Violence against women as a reason for migration, in Siliezar’s opinion, is an issue that is rarely touched upon and probably made invisible on purpose. “Migration is for Honduran women, on many occasions, the only escape from a violent marriage and an absent State in the face of their repeated cry for help, (…) a State that insists on ignoring gender-based violence”.
By the end of August of this year, 32,727 Hondurans had been returned to the country, according to reports from the United Nations Office for the Coordination of Humanitarian Affairs (OCHA-UN). Of these migrants, 26,397 were returned through immigration controls in the United States and its border with Mexico. The United Nations refugee agency estimates that 5% of these Hondurans need international protection.
Rosa asked for international protection from Mexican institutions after an event that triggered a nervous breakdown inside the federal prison. In the Mexican prison they tried to sexually abuse Rosa’s oldest son, who was 13 years old. “When my son told me that, I sought help in Mexico. Even though we were immigrants, we were in federal hands, how could they accept sexual abuse of a minor inside the jail?”
When Rosa and her three children returned to Honduras, she was faced with a child support lawsuit filed by her husband against her. Rosa turned her children over to her husband. “I gave my children to him because I had no way to feed them. That’s why I gave them to him, but even he, living in my own house, went to sue me.”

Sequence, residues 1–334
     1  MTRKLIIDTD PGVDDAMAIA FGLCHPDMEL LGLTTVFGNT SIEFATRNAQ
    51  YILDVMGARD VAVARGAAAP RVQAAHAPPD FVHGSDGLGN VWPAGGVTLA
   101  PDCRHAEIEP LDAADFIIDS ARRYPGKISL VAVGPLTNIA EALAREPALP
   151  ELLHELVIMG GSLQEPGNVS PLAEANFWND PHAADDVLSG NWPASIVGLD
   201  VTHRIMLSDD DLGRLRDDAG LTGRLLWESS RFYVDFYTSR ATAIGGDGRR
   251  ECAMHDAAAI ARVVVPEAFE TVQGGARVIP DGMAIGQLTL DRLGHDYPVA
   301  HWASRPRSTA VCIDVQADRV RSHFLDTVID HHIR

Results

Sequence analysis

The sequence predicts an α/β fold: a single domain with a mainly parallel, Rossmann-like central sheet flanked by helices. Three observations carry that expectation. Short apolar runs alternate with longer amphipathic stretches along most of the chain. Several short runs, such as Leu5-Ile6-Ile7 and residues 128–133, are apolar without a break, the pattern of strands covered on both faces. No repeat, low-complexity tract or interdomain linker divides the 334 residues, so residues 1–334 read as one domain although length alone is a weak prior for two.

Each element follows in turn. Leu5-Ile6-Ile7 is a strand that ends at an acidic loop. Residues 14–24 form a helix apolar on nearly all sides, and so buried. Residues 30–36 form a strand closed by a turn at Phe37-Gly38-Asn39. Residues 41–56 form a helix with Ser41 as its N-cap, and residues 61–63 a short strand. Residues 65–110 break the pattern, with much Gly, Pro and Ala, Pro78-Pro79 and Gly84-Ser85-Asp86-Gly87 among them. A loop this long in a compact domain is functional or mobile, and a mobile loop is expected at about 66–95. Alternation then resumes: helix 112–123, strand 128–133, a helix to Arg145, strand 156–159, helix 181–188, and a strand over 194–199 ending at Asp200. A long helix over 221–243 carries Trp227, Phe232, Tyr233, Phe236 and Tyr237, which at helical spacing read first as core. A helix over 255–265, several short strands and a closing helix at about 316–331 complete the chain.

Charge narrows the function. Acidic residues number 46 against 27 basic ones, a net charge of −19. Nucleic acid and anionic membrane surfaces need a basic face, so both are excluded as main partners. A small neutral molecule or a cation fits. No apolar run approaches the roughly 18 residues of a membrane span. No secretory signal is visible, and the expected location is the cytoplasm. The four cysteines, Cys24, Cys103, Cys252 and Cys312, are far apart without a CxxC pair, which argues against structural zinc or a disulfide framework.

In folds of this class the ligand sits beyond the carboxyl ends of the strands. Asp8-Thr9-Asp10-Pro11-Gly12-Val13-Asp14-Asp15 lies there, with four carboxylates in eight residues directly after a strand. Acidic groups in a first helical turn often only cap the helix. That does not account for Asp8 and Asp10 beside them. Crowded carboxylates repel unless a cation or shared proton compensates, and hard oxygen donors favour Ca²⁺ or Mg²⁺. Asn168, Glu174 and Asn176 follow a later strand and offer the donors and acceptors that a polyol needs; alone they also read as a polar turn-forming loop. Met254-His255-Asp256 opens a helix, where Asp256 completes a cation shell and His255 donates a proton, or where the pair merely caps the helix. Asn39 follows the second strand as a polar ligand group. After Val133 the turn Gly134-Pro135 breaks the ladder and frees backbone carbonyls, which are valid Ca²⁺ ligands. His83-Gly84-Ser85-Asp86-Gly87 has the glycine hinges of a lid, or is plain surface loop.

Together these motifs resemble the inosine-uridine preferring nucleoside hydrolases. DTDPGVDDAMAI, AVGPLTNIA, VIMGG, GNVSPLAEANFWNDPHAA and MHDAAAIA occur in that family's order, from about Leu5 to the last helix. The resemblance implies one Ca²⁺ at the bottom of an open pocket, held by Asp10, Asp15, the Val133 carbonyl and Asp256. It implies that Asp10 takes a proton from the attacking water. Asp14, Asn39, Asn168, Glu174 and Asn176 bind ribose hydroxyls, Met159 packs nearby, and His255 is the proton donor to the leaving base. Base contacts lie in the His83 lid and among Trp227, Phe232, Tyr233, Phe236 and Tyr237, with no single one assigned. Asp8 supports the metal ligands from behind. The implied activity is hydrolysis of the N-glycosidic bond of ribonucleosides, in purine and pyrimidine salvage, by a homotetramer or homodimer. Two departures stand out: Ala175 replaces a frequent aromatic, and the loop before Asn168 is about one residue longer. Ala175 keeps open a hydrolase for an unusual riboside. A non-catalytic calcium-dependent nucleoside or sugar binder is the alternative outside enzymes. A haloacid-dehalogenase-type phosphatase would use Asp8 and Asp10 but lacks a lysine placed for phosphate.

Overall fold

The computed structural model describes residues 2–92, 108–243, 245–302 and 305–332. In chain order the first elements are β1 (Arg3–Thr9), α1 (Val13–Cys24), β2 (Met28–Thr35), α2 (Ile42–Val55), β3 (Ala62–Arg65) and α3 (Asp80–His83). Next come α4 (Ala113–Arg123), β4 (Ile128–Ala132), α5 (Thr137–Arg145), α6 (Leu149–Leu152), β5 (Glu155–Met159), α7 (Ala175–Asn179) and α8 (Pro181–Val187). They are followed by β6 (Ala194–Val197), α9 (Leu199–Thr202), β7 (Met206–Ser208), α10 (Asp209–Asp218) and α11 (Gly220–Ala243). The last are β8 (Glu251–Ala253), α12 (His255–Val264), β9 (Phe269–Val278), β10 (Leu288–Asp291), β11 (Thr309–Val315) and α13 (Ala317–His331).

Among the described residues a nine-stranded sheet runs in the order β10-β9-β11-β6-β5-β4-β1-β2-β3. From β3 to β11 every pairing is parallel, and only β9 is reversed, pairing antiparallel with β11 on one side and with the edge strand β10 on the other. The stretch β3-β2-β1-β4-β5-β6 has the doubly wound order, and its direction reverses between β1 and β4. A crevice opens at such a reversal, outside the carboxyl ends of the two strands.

Rosa is in charge of supporting her three children, her brother and her mother. Her only victory in the judicial process has been a restraining order as a protective measure until the sentence is issued. “I have two children in school, my son couldn’t get into college. I want the best for my children, but I feel short financially because sales are down. We have to buy diapers, milk for my brother, who is 32 years old, because he is a baby in bed”, added Rosa….
“The reality of our women is that: impoverished, in a situation of violence and inequality, they have no legal professional to represent them in civil matters. That is the reason for the abandonment of these processes,” Siliezar said.
Complaints, criminal investigation and sentencing
In 2020, the MP received 14,744 reports of gender-based violence crimes nationally. In 2021, it received more than 23,000. In 2022, it received 21,200 complaints. And by September 2023, the MP had received more than 15,000 complaints for these types of violence.
According to data from the Judicial Branch, in 2020, 317 resolutions were issued in cases of gender-based violence, compared to 2 dismissals granted in the same year. In 2021, 517 resolutions were issued and 53 final dismissals. In 2022, 281 resolutions and 9 dismissals were filed. So far in 2023, 222 resolutions have been issued and 10 dismissals have been granted.
“Ignorance in gender issues is inexcusable in legislators and judges. Sentencing is left to the discretion of judges who are desensitized to gender violence. It is inevitable to recognize that violence predominates in the state structure, especially in the courts,” said Siliezar. In cases of domestic violence, the State has the grand task of reparation. Feminist organizations, indicated the interviewee, urge the State to increase the penal sanction and to review the figures where sentences were reduced.
Rosa’s case represents a reality for women in situations of gender-based violence in Honduras: access to the courts does not guarantee them justice because of the weakness in legislation protecting women’s rights. “This is impunity tailored to the aggressor,” Siliézar concluded.
This report was produced with the support of the International Women’s Media Foundation (IWMF), as part of its “Express Yourself!” initiative in Latin America.